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About setup: "One hint on placement. The Graphica's reflex tuning was designed so that it can be placed quite close to the front wall without getting boomy. In some rooms the Graphica tends to lack a bit of midbass punch. This can be compensated for by placing the speakers closer to the wall. In my room for example I have the Graphicas 80cm from the front wall as measured from the baffle. They work brilliantly like that. Obviously all this depends on the properties of the listening room and user preference."

Baffles at 110cm from the front walls

About the switches: "In the lower position of the midbass control there's a 2dB cut at the center frequency of 120Hz starting at 70Hz and ending a bit above 200Hz. In the crossover this is accomplished by switching one big capacitor and resistor in parallel to the coil. The presence switch tilts the treble so that in the higher position there is a 1dB boost at 10kHz. At 5kHz the boost is down to 0.5dB and at 2kHz just 0.2dB. This is a subtle fine-tuning provision for the tonal balance. In the crossover it is accomplished by switching a capacitor in parallel to the tweeter filter."

The Graphica arrives without its round plinth installed. Six screws with short plastic spacers take care of that. Though narrow and tall this scheme proved surprisingly stable on my flat Tatami-style floor mats. Plush carpet should likely want spikes. For those there presently are no provisions. Quality binding posts are for single wiring so the questionable expense for double runs of speaker cable doesn't apply.

The short-flare ports seem to be 75mm in diameter. Their twin array centers on the tweeter wave-guide module and is just a tad taller. The mid/woofers lack the usual hole for dust caps and voice coils. They are solid smooth cones instead. I've always harboured suspicions about the mechanical integrity of common cone profiles. While I'm clearly no engineer the type of geometry Aurelia runs makes more intuitive sense for stability. Joseph Szall of ATD whose Titanium Hypergraph driver became famous in the original Magico Mini and today shows up in Volent and Capriccio Continuum speakers as well as Armonia in a carbon-fiber variant champions something similar. His drivers exhibit a small central dimple. As he explains it, "the first patent for such a solution dates back to 1930 with Nagelvoort in the USA. 30 years later Rouy in France used the same geometry with some clever improvements and nodal drive. It showed up again in the late 80s in Görlich's Zellaton cones." I don't know why this type of profile—or flat cones like TangBand's 3-inch and 4-inch mid/tweeters which Sven Boenicke uses in his SLS and newer models—aren't more common in the 21st century.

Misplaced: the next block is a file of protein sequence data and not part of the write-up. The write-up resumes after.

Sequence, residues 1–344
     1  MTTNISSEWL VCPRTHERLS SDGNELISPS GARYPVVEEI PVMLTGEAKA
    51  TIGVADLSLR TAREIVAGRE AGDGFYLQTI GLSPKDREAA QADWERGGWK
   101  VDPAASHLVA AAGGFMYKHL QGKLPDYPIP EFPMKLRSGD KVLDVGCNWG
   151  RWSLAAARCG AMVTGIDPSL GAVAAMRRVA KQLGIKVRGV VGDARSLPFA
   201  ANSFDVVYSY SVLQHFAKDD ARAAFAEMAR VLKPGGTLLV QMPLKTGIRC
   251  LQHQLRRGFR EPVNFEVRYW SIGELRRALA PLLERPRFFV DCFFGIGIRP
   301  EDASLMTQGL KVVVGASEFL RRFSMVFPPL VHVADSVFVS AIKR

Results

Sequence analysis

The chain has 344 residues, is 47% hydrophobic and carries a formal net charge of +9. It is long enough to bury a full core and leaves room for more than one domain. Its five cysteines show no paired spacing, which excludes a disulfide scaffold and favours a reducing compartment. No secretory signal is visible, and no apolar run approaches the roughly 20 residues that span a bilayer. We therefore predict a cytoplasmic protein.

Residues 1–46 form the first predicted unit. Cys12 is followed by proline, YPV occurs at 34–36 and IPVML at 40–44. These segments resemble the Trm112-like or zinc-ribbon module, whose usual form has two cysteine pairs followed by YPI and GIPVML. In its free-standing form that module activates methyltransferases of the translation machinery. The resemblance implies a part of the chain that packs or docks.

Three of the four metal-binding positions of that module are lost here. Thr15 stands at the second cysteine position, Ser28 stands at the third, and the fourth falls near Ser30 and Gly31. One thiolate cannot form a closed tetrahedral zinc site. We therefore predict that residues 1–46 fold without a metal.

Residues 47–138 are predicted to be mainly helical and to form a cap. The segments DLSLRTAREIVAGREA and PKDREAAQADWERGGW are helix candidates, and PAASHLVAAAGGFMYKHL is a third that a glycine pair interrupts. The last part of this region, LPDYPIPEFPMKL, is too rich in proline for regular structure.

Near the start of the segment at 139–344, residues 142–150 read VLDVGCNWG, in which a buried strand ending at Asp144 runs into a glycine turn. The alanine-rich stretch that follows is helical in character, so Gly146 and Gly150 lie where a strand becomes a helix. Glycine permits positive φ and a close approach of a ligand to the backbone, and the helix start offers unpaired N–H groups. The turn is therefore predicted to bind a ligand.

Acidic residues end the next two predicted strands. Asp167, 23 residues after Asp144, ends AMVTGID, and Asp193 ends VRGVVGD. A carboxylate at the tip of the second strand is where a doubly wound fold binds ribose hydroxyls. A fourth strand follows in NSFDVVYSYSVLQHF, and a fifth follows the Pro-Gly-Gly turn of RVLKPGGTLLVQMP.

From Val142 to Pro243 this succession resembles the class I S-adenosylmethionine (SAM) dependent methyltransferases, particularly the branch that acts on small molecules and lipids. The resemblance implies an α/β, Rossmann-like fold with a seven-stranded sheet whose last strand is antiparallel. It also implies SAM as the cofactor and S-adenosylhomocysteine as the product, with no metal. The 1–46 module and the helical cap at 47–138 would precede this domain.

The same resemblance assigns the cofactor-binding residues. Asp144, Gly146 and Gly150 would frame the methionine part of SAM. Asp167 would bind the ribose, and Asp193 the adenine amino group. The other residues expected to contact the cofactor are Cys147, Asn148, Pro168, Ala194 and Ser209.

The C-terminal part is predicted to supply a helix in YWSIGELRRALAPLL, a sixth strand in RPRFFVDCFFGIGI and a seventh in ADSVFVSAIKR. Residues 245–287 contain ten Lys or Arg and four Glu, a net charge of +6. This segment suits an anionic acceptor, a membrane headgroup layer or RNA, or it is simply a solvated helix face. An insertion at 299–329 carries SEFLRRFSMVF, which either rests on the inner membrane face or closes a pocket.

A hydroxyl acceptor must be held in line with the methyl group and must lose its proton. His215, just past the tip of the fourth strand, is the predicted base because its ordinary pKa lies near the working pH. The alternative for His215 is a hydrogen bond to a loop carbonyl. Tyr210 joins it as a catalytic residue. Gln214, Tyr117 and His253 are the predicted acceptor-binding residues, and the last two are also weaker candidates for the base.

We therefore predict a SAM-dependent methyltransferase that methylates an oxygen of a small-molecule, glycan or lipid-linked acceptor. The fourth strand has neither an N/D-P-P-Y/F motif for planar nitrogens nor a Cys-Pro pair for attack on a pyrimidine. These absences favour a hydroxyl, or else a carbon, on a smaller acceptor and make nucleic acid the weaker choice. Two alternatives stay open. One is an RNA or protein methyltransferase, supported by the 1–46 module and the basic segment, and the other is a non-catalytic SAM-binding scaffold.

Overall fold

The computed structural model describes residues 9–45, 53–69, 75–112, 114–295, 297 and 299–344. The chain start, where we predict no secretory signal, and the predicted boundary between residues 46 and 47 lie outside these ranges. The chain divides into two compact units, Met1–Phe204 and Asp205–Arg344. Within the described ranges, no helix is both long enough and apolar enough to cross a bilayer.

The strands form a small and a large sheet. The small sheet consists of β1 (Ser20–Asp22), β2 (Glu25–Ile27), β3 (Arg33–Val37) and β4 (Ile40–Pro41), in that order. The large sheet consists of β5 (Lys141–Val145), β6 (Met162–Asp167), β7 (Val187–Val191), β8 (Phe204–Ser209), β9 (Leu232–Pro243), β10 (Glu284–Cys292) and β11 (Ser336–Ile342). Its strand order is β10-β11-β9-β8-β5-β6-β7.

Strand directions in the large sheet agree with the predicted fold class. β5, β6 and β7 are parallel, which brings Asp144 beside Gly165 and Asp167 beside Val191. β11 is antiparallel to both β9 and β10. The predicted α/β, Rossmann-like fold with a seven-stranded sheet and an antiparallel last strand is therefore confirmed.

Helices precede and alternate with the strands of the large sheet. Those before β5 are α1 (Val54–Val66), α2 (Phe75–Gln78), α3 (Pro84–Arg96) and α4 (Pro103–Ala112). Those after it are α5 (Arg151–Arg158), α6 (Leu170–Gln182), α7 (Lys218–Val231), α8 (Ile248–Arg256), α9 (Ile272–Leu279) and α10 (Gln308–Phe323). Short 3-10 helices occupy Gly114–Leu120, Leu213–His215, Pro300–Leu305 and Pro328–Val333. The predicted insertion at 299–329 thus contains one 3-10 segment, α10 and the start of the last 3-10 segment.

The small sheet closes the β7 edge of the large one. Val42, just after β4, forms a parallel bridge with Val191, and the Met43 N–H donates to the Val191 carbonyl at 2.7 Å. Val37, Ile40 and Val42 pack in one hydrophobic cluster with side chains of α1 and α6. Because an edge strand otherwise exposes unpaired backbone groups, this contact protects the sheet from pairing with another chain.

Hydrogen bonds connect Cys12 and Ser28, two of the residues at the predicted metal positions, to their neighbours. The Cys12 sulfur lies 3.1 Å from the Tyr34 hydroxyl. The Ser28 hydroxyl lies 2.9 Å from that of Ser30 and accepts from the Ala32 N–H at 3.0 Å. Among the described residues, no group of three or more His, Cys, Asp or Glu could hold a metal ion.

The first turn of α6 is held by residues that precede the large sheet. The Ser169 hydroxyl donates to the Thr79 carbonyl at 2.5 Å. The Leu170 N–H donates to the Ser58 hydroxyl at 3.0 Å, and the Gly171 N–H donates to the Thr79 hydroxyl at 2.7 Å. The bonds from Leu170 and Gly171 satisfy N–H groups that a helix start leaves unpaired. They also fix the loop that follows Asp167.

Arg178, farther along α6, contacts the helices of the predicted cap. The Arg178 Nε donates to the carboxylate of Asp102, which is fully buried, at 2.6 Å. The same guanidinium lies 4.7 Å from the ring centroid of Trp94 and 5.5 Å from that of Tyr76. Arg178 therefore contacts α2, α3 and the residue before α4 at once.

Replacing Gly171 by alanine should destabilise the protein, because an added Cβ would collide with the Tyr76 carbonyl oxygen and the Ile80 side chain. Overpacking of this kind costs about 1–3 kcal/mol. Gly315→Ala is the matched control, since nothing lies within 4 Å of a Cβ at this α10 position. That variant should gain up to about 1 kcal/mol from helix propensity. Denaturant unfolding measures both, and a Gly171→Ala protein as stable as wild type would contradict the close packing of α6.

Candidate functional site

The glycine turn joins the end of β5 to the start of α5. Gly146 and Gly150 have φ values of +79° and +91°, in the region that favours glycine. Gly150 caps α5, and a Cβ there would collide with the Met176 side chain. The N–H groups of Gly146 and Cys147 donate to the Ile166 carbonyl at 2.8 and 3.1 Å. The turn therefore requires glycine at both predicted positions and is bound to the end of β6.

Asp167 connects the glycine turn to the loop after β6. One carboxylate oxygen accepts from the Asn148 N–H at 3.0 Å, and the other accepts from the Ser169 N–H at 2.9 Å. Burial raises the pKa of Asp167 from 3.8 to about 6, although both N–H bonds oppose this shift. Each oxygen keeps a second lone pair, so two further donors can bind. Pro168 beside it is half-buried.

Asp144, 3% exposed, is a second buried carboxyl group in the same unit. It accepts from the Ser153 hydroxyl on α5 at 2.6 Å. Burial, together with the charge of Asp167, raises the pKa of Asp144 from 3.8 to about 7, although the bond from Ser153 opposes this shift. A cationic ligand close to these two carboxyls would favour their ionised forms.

Antti again: "Funny coincidence you should mention Joseph Szall's designs of cones and bass units in general. I began to collaborate with him many years ago while still at Amphion. Joseph recommended specific driver manufacturers in China and India and advised me on many issues. Without his efforts the whole Aurelia venture wouldn't have been possible. In the future we will use a 6.5" driver of his design which incorporates a similarly shaped 'eagle-wing' cone as was used in the Magico*. However the cone material will be similar to what's in the Graphica and Cerica drivers today - an Isotact matrix nano composite. I will use these drivers in our new Physica flagship model next year as an array of eight 6½ inch units with a quad tweeter module to deliver dynamics and low-end grunt that should inhabit a totally different league from the Graphica now. But I won't hurry this. I want to be sure the Physica is fully polished in every conceivable way before I launch her."

"Our Isomatrix cones use TPX glass fiber layers similar to carbon fiber. Joseph also sent me samples of his Magico-style cones and they are even better but we had to draw an essential line between acoustical design over extreme parts technology to keep costs at a moderate level."

I'd also left word with Anthony Gallo about the ubiquity of the dust-cover driver. "I believe that traditionally the voice coil was 'shimmed' for centering whilst the moving-mass assembly—cone/surround/VC/spider—was attached to the basket. Once all adhesives set, the fish-paper (?) shims were slid out from between the VC and magnet pole pieces. All that was left was attaching the dust cover and you were done. Without that access location it is very difficult to insure perfect positioning of both spider and surround. Some of Dynaudio's drivers have a single-piece cone with integral dust cap to answer your rigidity question. Those have tiny holes at the cone/dust-cap apex. I believe they use thin wires to center the VC, then slip the wires out through those holes and just put a dab of sealer over them when done. There is no doubt that back in the day the logical choice for large pistons were cone shapes for optimized strength-to-weight ratios. The materials available for transducer engineering today just didn't exist back then. To get for example a flat diaphragm to behave purely pistonic even at 3 inches in diameter is extremely difficult even today, let alone keeping it light enough to overcome the inertial forces prevalent at 20kHz or even 3kHz for that matter."